Gday Jack.Interesting story. I have,nt yet retrieved a swarm from a tree or shrub, looking forwards though to the event. This swarm was on the ground covering at least 1.5 meters, plus half were on the road and the other half on the kerb. The road received much traffic thru the day and the Ranger wanted them gone, so I did not have the luxury of waiting until dark. Also area was vulnerable to vandalism. Sometimes we do what we can, with the tools and conditions available at the time.

However,all is not lost,I will take onboard your suggestions as I believe they do have merit.

Ch eers,

Eddy


#5

now worries at all- sometimes there is no option but to sacrifice some bees.

Trees and bushes are often the easiest of all if they are not too high- if you are lucky the bees are in one uniform clump: you can place a Nuc below- one sharp jolt on the branch and the entire lot fall in. Many will take to flight and return to the branch but almost Invariably the queen is in the box and by dark virtually every single bee is in the box. If you have the luxury you can catch them at sunset and take the box away half an hour later. I love catching swarms.

the day before I caught the swarm above I caught two swams off a fence 6 feet apart. One went in easy- the other was proving difficult to get off the wall from behind branches. Then we spotted the queen in the mix: grabbed her with a little queen cage/clip thing- placed that inbetween the bars of the Nuc and watched as all the bees marched on in. That was only the second time I have actually seen the queen in the swarm.


#6

One question Jack, Not withstanding the excitement and satisfaction of capturing a swarm, if one already has as many hives as one is allowed to in accordance with the Local Council By laws, what is one to do with these captured swarms ???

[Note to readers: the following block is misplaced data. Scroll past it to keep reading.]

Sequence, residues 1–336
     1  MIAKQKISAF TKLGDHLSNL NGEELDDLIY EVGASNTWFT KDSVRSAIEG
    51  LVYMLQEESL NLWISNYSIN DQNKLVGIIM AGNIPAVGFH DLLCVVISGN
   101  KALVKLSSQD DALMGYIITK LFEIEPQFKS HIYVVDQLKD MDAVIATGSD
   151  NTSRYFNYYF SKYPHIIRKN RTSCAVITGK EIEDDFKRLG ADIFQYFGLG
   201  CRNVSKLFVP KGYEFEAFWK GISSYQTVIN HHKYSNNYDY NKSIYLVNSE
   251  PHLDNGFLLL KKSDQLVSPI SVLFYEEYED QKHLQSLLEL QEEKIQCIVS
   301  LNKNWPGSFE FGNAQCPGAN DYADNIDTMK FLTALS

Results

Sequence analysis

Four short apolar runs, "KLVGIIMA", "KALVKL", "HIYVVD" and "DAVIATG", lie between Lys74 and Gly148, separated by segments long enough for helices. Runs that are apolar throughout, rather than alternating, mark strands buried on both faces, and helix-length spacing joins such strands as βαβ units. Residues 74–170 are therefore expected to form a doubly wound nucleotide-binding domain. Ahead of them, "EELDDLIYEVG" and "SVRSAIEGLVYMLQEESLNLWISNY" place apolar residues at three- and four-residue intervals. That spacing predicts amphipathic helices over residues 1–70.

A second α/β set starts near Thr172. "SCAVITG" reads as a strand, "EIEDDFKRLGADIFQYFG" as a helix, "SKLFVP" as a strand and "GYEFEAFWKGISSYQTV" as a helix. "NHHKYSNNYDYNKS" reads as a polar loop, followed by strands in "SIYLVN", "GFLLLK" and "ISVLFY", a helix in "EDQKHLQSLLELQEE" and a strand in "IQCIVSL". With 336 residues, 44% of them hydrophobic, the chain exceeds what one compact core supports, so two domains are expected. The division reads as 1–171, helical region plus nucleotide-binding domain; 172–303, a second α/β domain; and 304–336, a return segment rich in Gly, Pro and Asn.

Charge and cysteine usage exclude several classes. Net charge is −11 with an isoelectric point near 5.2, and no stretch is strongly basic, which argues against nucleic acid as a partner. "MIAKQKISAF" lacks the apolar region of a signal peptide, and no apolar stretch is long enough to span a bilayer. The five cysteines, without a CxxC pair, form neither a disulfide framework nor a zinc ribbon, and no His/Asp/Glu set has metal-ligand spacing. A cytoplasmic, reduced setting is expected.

I’m considering purchasing a couple of NUC boxes with four/five frames to put the swarm in and then advertise them for sale after a few weeks.

Cheers,

Eddy


#7

that’s exactly the issue I have now- I have caught more swarms than I know what to do with. So like you- I will be advertising and selling some. I would look after a swarm for 1 month- check to make sure the queen is good with a good laying pattern and then sell them.


#8

My thoughts exactly.


#9

Since I wrote that: I caught another one! A giant! One of my own hives…, went through it destroyed 6 queen cells- left one that had a queen releasing herself as I watched… bees!!


#10

O.M.G. So you suggest destroying Queen cells if found in Hive ?


#11

Only in a hive that has just swarmed- otherwise you will have afterswarms most likely. especially in a season like this one. I had two hives at that location and to date they issued 4 swarms over 7 days. When I inspected the one that swarmed yesterday I saw one queen emerging and at least 3 other viable queen cells. Had I not destroyed them I would likely get another call for another swarm tomorrow or today. I left the queen I saw emerging- i just hope there wasn’t already another virgin wandering around! I will check it in 12 days or so to see if they have a good queen or no.


#12

I’ve had my hive send off a swarm as well already. There’s still heaps of bees hanging off the front entry every day. Dunno whether they are building up, or simply cooling off outside the hive.
On cool nights, they all go back inside.